CPD: Managing alien invasive species

The National House Building Council recognised the threat to buildings and other structures from Japanese knotweed in the 1990s
A new European Union directive and domestic community legislation place new responsibilities on construction professionals in managing invasive alien species. The Property Care Association explains.

Two new sets of regulations could result in fines of thousands of pounds and prosecution for industry professionals and businesses if Japanese knotweed and other invasive weeds are not managed appropriately and in a timely fashion (see below).

The new Invasive Alien Species Regulation 2014, which came into force in January, obliges member states to control and manage invasive alien species in the European Union.

The regulations class Japanese knotweed in the same bracket as the grey squirrel, the mitten crab, wild boar and the signal crayfish, which means that anyone responsible for introducing, keeping, selling or releasing them into the wild could face a fine or imprisonment.

Under the new regulations, government agencies will have the power to issue control orders that require the removal of high-risk invasive weed species from specified sites, which could include housing projects and neighbouring properties.

The full list of high-risk species is still to be finalised by the European Commission. Max Wade, a technical director at Aecom and chairman of the Property Care Association’s Invasive Weed Control Group, will be following the directive’s evolution closely, so that measures for dealing with any implications of the new regulations can be integrated into the association’s training, services and advice.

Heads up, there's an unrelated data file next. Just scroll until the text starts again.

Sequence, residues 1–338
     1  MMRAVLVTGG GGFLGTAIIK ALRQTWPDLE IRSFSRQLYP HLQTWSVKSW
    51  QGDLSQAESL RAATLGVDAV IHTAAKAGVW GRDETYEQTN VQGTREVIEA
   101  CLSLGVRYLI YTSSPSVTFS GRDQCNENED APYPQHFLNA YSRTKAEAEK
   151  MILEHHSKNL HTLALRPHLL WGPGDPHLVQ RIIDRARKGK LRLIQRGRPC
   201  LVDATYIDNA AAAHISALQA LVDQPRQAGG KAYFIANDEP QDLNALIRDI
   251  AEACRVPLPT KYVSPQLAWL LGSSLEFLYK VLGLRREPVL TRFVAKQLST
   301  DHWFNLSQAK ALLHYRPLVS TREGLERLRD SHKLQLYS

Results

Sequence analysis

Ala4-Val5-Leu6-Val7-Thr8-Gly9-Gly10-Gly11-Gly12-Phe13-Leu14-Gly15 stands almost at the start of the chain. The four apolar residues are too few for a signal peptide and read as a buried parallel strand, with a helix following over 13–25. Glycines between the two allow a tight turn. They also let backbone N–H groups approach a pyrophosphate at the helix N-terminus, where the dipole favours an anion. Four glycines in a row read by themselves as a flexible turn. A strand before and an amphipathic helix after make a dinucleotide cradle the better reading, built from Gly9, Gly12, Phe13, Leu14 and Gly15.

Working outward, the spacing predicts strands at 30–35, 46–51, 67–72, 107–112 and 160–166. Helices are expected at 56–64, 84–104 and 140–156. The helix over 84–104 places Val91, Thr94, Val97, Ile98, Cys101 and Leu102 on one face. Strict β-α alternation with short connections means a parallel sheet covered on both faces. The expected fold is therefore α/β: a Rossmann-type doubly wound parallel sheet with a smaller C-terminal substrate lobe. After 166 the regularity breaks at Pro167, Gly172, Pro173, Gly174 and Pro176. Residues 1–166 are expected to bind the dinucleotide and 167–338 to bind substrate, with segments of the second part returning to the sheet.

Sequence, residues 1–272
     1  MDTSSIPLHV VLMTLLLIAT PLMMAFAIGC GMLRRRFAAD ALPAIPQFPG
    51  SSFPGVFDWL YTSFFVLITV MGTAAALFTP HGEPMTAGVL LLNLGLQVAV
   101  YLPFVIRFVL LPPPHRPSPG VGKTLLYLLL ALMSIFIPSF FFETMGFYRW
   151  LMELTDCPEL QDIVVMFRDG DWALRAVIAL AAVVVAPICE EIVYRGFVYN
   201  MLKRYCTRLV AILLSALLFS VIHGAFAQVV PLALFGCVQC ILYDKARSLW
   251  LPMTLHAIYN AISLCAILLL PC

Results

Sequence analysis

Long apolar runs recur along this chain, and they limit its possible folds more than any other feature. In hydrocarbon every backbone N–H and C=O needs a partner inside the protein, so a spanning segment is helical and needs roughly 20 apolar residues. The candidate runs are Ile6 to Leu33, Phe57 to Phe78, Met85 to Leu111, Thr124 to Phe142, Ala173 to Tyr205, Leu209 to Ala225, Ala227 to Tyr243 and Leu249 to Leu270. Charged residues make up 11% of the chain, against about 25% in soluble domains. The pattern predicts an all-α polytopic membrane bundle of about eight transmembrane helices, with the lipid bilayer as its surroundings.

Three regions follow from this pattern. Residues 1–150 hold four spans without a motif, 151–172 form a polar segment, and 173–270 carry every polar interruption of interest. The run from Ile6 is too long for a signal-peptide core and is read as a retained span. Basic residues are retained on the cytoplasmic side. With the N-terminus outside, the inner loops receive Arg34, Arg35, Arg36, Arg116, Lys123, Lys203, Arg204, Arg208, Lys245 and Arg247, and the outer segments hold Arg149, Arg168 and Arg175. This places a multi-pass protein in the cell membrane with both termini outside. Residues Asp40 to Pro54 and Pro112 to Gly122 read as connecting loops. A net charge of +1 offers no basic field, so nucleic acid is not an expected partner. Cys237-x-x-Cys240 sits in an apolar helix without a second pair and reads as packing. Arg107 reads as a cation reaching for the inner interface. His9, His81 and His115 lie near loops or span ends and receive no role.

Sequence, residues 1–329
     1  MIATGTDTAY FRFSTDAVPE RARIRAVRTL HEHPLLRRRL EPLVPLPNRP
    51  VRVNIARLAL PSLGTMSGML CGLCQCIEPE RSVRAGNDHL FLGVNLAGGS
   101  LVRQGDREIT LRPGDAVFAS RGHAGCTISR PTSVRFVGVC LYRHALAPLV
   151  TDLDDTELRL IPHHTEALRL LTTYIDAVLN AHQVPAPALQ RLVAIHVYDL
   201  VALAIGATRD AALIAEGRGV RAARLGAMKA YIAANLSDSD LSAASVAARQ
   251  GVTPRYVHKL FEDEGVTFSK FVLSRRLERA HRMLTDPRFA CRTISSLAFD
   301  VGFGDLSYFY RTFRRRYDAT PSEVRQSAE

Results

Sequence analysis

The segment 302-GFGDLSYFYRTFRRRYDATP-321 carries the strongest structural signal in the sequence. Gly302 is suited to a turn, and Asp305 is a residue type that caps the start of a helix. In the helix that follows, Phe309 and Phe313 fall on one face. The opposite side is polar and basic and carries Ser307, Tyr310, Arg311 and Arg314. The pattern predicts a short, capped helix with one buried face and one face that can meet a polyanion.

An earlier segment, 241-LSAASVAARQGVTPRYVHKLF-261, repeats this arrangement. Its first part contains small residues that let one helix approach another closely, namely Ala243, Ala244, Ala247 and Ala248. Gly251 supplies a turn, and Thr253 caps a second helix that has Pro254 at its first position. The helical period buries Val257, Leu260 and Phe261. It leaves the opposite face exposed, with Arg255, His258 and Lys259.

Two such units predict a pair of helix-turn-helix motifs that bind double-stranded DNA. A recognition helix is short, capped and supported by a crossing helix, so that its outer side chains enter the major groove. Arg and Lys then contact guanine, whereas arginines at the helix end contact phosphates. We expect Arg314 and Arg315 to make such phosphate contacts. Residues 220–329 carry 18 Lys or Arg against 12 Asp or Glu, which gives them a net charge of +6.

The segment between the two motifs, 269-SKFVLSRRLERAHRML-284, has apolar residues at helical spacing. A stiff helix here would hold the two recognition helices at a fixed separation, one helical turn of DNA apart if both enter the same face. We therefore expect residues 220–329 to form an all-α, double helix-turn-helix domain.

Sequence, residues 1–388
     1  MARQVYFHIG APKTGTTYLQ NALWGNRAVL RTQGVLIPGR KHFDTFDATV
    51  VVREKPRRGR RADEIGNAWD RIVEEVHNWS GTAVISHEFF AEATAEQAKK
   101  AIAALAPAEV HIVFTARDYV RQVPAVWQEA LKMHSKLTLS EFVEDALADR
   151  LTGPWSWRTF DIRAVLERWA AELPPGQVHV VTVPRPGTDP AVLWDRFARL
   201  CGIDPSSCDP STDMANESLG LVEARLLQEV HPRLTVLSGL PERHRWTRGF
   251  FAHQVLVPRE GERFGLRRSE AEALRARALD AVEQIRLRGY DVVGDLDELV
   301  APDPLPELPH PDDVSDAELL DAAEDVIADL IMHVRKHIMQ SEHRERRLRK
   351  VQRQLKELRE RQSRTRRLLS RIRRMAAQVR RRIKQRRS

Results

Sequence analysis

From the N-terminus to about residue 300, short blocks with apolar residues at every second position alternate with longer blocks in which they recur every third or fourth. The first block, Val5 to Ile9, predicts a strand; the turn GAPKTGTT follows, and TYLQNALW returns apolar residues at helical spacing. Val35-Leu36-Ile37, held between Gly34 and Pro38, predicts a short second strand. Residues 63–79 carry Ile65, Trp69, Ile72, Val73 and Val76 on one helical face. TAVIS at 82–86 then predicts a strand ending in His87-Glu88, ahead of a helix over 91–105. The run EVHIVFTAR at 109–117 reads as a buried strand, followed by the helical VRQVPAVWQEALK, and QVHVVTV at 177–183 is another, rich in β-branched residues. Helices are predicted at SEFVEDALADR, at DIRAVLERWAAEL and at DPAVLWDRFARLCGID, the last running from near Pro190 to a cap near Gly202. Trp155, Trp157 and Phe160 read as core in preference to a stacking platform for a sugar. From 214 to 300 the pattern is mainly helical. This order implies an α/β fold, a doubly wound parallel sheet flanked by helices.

Another development relevant to invasive weed control also has implications for the construction sector. Part 4 of the new Anti-social Behaviour, Crime and Policing Act 2014 has introduced community protection notices, which could be issued by local authorities or the police to force landowners to deal with Japanese knotweed and other non-native invasive plants. It allows fines of up to £20,000 to be imposed on companies that fail to tackle the problem. Individuals would also be forced to comply, or face a fine of up to £2,500.

Although the act does not explicitly refer to invasive non-native plants, accompanying Home Office guidance makes it clear that failure to control them could be considered anti-social behaviour. This is primarily because of the impact that plants such as Japanese knotweed can have on property values and owners’ ability to sell their properties.

Community protection notices, which are intended to be flexible in scope, could be issued if a person or an organisation’s unreasonable conduct is having a continuing detrimental effect on the quality of life of those in the locality. This could include failing to control invasive plants on a property, or allowing them to spread from a property.

The European angle

Invasive weeds of particular concern are already listed in schedule 9 of the Wildlife and Countryside Act 1981. So, although there is no legal requirement to control them, it is an offence to cause the plants listed to grow in the wild.

Section 14(2) of the act states: “If any person plants or otherwise causes to grow in the wild any plant which is included in part 2 of schedule 9, he shall be guilty of an offence.” In fact, anyone convicted of an offence under section 14 of the Wildlife and Countryside Act 1981 may face a fine of £5,000 and/or six months’ imprisonment, or two years’ imprisonment and/or an unlimited fine on indictment.